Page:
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Two More Community Boards Join Push For Universal Daylighting

The community board groundswell for more daylighting intersections isn't slowing down any time soon.

6:05 PM EST on November 9, 2023

Photo: Kevin Duggan|

Bad intersection daylighting, as seen here on Court Street in Carroll Gardens, means poor visibility and pedestrians walk into the street to see if a car is coming.

New York City should follow state law and stop allowing parking at intersections — a safety and visibility measure known as daylighting, two more community boards said on Wednesday, joining a gathering wave of civic panels pushing officials to implement the well-established street safety treatment.

Queens Community Board 6 and Manhattan Community Board 6 both resoundingly backed resolutions calling for the "universal daylighting" of the city's roughly 40,000 intersections.

State law forbids any parked cars within 20 feet of a crosswalk. The city has long exempted itself from that rule — opting instead to block visibility for both pedestrians and motorists in order to maintain space for car storage.

Queens CB6, representing Forest Hills and Rego Park, unanimously passed its measure, while Manhattan CB6 on the East Side between 14th and 59th streets voted 38–3 in favor.

The two boards followed Queens CB1, which approved a call for universal daylighting in June, and CB6 in Brooklyn, which made its own daylighting recommendation last month. Northern Brooklyn CB1’s Transportation Committee is also approved a daylighting resolution last month, with a vote by the full board expected next week.

The issue is resonating with New Yorkers, even if it touches the political third rail of giving up parking spots. With the exception of Manhattan CB6, the board votes were unanimous.

“Then the question becomes what’s the value of a parking space, what risk are we willing to accept to preserve a parking space at the corner,” said Peter Beadle, who chairs Queens CB6’s Transportation, Public Transit, and Street Safety committee, but noted he was not speaking for the board or the committee.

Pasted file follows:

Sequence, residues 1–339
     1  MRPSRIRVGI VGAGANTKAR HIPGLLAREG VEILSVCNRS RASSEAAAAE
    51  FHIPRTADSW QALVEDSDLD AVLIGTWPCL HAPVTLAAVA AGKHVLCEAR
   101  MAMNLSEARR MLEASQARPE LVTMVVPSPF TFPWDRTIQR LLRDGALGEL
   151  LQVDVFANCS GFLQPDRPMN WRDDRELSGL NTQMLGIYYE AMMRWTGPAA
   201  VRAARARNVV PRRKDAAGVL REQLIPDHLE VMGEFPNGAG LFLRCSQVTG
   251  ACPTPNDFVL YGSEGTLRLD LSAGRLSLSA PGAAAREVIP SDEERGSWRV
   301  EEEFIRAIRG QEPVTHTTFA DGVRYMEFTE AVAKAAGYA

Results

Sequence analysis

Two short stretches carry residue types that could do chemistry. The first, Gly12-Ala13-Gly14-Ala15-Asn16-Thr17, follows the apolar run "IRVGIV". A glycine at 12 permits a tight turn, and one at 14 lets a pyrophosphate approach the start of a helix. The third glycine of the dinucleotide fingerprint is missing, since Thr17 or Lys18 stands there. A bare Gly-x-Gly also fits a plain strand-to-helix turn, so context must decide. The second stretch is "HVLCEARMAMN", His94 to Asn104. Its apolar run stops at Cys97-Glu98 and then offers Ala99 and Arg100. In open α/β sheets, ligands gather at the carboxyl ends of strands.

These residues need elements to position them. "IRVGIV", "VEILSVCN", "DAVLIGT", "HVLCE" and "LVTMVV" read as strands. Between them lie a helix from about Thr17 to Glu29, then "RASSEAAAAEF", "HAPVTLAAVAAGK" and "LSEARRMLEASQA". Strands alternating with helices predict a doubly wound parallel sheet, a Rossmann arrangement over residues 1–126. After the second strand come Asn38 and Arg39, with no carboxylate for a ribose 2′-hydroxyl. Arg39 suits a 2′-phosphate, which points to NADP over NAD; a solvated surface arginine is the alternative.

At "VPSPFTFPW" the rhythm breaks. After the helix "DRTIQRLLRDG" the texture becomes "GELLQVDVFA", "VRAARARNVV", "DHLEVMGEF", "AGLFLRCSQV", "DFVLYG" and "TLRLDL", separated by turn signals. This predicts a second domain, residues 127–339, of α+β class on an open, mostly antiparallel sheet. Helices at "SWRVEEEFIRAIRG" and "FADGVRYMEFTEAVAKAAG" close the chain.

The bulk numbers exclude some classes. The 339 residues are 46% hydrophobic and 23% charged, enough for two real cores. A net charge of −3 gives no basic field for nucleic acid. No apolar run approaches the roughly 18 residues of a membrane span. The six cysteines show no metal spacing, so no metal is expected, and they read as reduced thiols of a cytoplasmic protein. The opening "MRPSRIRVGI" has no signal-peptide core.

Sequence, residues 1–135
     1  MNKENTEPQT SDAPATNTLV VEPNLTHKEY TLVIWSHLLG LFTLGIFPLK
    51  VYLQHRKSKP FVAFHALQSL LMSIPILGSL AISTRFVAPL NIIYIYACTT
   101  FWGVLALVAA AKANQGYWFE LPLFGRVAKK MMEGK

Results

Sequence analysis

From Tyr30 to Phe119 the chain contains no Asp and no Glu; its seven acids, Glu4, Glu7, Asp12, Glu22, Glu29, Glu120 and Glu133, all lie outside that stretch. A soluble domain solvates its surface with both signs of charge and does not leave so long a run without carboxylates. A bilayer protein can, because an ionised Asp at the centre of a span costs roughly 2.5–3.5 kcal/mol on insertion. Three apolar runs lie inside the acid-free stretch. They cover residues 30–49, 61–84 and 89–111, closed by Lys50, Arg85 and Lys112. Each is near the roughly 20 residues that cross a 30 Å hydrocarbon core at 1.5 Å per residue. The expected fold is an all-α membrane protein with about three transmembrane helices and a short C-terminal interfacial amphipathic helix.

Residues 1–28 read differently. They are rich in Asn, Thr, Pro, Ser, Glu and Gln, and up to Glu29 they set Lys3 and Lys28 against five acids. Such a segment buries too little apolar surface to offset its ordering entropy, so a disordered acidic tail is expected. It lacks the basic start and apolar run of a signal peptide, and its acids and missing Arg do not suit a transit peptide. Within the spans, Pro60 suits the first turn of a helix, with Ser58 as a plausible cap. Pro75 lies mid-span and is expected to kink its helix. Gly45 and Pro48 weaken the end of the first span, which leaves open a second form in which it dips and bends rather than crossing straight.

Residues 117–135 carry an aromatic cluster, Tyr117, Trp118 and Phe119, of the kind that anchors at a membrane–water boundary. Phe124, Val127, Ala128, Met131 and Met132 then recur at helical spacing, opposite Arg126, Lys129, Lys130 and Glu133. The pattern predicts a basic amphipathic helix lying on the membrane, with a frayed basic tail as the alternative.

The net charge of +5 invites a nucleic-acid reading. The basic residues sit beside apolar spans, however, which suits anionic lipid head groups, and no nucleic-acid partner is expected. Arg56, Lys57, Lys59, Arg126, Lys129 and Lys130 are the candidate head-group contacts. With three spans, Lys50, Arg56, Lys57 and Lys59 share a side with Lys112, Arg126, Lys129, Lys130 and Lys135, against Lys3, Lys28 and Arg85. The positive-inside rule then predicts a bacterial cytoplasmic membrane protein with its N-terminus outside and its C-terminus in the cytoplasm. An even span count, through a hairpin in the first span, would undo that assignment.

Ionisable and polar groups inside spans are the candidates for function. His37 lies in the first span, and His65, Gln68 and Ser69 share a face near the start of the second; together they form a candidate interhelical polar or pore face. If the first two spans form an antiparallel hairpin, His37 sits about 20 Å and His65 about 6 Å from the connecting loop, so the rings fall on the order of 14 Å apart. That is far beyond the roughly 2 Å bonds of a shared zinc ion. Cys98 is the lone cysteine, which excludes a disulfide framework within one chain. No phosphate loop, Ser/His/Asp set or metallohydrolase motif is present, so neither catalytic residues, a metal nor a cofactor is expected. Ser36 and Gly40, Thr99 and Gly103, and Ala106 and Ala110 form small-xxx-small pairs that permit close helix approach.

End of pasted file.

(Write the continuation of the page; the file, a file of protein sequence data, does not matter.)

The Queens resident said that despite some concerns among his fellow members about loss of parking at Wednesday night’s full board meeting, the message struck enough of a chord to get an uncontested approval. 

“There are lots of heads nodding in the room. People get that they’ve had this experience that it can be hard to see someone who’s on the corner and on the other side of an SUV,” said Beadle. 

The first board to pass daylighting support — Queens CB1 covering Astoria, Long Island City, and Woodside — took up the measure after a driver fatally struck 7-year-old Dolma Naadhum in February at a local intersection where cars parked right up or in the crosswalk obstructed visibility. 

Emily Chingay, an advocate with the street safety group Open Plans, which shares a parent organization with Streetsblog, called daylighting "sensible and broadly appealing."

"Unfortunately we have also lost young children recently due to unsafe and un-day-lit corners  — those tragedies have motivated boards to make sure that doesn’t happen in their communities," Chingay said. “Daylighting has become a point of entry for communities to have a positive impact on their streets."

Open Plans has a petition to gather support for universal daylighting. 

More than half of New York City crashes happen at intersections, the site of the most conflict points between different road users and the highest volume of pedestrians, experts have said.

Cities like Hoboken have been aggressively daylighting intersections and eliminating traffic deaths.

New York City’s Department of Transportation daylighted 299 intersections so far this year, some with hard infrastructure such as bike corrals and boulders. DOT Commissioner Ydanis Rodriguez defended his agency's opt-out of state law by calling daylighting "not the right solution everywhere" and claiming it "must be implemented with physical infrastructure."

Agency leaders with hang-ups should take notice of the civic push, said Beadle of Queens CB6.

"It really shows that this is very much a concern of the public that should be taken seriously, and the more community boards that address this the better informed we are on what the community wants to see done with respects to safety," he said.

"I personally hope that our elected officials and agencies will take them very seriously."

DOT did not comment for this story.

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